Humans may be forcing an irreversible tipping point for Earth (VIDEO)
University of California, Davis
June 13, 2012
Humans may be forcing an irreversible, planetary-scale tipping point that could severely impact fisheries, agriculture, clean water and much of what Earth needs to sustain its inhabitants.
That is the consensus of a team of 22 scientists from the United States, Canada, South America and Europe, including two University of California, Davis, professors. The team reports its conclusions in the June 7 issue of the journal Nature.
Such a change has not been seen since the shift from the Ice Age to an interglacial age 11,700 years ago—a time of mass extinctions and extreme climate shifts, according to the authors, who estimate that Earth may experience the next major tipping point within a few generations.
The authors call for accelerated global cooperation to reduce world population growth and per-capita resource use, replace fossil fuels with sustainable sources, develop more efficient food production and distribution systems, and better protect land and ocean areas not already dominated by humans. They also urge focused research to identify early warning signs of a global transition.
“Once you go past the tipping point, putting it back together is much more difficult than preventing something from happening,” said Alan Hastings, professor of environmental science and policy at UC Davis and one of the study’s authors.
Hastings uses mathematical models to understand natural systems. For example, he studied a coral reef that had been overrun with seaweed after a 1983 plague killed nearly all of the sea urchins that served as natural grazers for the coral. Grazing parrotfish filled in for the sea urchins, forming a second line of defense, until they became overfished. Hastings calculated that once the reef went past its tipping point, a drastic increase in parrotfish would be required to bring it back to a healthy state.
The researchers analyzed how similar scenarios might play out on a global scale, as well as what data from the end of the last glacial period might reveal about future tipping points.
“This isn’t the first time a tipping point has happened,” said UC Davis paleontologist Geerat Vermeij, who brought a geological perspective to the review. He analyzed fossil records for clues about the nature, speed, causes and predictability of past tipping points. “We’d like to know what these earlier ones were like and if they tell us anything about future ones.”
The paper describes an urgent need for better predictive models that are based on a detailed understanding of how the biosphere reacted in the distant past to rapidly changing conditions, including climate and human population growth. Better forecasting could lead to better decisions about protecting natural resources.
“We really do have to be thinking about these global-scale tipping points, because even the parts of Earth we are not messing with directly could be prone to some very major changes,” said UC Berkeley professor and lead author Anthony Barnosky. “My underlying philosophy is that we want to keep Earth, our life support system, at least as healthy as it is today, in terms of supporting humanity, and forecast when we are going in directions that would reduce our quality of life so that we can avoid that.”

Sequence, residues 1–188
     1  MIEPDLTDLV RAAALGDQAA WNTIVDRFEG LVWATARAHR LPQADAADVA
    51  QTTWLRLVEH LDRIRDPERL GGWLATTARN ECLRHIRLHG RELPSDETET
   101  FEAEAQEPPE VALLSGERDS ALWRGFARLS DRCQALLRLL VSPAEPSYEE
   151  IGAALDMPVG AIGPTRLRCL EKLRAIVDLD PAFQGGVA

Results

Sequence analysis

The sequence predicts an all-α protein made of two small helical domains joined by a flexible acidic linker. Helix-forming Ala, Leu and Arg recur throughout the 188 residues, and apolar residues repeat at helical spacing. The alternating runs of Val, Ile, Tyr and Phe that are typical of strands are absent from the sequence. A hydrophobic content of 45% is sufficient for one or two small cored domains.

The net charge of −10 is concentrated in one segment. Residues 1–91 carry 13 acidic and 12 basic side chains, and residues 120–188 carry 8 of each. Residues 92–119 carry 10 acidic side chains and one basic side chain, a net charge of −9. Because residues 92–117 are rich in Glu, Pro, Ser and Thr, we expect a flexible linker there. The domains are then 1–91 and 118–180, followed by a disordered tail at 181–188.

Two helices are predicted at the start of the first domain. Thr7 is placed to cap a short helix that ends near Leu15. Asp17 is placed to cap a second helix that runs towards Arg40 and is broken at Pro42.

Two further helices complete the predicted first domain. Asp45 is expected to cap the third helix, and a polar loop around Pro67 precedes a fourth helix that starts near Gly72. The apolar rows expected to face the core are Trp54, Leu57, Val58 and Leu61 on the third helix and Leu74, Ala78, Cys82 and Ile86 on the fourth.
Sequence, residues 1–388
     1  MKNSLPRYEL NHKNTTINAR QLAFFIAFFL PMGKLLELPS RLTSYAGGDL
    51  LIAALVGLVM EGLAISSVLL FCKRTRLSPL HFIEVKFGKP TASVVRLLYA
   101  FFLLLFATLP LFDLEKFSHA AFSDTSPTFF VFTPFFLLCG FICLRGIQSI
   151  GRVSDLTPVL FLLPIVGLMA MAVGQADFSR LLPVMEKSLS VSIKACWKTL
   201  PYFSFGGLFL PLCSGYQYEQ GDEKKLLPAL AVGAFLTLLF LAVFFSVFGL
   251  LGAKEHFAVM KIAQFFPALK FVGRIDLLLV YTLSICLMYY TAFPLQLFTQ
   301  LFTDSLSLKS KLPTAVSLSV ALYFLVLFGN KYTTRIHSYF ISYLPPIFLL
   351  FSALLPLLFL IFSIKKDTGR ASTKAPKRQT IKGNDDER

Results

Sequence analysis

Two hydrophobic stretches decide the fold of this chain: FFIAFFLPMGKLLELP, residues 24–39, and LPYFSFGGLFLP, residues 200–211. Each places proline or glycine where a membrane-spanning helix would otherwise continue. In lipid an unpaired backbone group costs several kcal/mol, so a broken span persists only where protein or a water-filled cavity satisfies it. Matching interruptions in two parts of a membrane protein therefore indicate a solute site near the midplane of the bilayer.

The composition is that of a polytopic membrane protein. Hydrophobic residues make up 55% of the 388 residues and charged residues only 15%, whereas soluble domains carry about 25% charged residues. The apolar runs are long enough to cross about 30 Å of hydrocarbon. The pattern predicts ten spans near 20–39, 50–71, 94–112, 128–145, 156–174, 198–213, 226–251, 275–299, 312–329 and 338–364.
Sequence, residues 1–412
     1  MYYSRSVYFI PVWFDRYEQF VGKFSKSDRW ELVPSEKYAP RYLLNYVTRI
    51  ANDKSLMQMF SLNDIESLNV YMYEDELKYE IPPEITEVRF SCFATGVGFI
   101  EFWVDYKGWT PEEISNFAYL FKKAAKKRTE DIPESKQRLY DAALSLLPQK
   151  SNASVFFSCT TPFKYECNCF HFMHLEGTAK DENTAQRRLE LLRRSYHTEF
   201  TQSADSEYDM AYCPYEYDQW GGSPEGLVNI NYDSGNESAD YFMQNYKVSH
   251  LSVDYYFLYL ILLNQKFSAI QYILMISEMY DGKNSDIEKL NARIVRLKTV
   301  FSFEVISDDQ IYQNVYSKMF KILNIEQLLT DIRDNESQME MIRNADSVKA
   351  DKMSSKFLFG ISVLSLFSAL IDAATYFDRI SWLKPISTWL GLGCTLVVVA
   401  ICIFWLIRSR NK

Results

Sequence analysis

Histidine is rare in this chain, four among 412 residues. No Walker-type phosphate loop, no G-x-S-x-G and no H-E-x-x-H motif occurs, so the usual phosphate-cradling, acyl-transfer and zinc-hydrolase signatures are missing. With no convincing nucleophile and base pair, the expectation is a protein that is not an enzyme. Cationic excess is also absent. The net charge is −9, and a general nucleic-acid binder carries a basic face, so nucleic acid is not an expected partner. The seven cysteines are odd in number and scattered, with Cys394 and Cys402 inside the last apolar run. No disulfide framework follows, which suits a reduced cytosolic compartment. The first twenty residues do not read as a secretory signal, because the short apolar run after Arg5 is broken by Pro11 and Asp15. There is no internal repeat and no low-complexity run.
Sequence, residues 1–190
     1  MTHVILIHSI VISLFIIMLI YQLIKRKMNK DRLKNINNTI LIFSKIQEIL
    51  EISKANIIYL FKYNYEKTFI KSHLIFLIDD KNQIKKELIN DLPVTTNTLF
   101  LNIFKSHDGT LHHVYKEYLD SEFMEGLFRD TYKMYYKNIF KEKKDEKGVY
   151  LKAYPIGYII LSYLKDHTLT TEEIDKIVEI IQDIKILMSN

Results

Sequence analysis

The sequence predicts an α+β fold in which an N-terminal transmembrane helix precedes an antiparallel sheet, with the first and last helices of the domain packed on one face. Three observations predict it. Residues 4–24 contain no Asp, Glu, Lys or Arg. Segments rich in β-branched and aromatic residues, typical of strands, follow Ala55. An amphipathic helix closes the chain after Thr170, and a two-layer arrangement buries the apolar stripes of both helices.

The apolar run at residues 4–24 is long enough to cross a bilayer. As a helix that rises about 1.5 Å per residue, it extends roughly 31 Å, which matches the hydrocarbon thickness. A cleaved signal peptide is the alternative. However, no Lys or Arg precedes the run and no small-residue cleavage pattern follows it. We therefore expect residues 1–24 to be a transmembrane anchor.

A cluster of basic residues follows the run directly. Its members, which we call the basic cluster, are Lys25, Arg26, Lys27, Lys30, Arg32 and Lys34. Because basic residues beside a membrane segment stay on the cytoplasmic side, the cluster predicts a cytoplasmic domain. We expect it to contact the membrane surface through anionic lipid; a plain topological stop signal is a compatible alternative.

While tipping points are not inherently irreversible, recovering after reaching a tipping point is difficult, if not impossible. The result of a major shift in the biosphere would be mixed, with some plant and animal species disappearing, new mixes of species remaining, and major disruptions in agriculture, according to the study.
At least 43 percent of Earth’s land has already undergone wholesale transformation, a rate of roughly 2.27 transformed acres per person, the report notes.
If this rate does not change, half of Earth’s landmass “will have exhibited state-shifts when world population hits 8.2 billion, estimated to occur by the year 2025—a scant 13 years from now,” the report warns.
Vermeij thinks that in some ways, Earth has already reached a tipping point.
“Many people who have written about our ecological future have expressed a level of optimism that I simply don’t share,” he said. “I think it’s de rigueur to write optimistically because people don’t like pessimism, and rightly so. But sometimes you have to be realistic. Sometimes you have to say things the way they are.”
Hastings also warns that solutions will be difficult. “Irrespective of the impact on global warming, we don’t have simple ways to generate enough energy to power the world the way it’s been going for that much longer,” he said. “Things are going to get ugly.”
The Nature paper appears in an issue devoted to the environment in advance of the June 20-22 United Nations Rio+20 Earth Summit in Rio de Janeiro, Brazil.
•Alan Hastings, Environmental Science and Policy, (530) 752-8116, email@example.com (Professor Hastings will be in Italy until Sunday, June 10, but will be able to call reporters seeking interviews.)
•Geerat Vermeij, Geology, (530) 752-2234, firstname.lastname@example.org
•Kat Kerlin, UC Davis News Service, (530) 752-7704, email@example.com, Cell: (530) 750-9195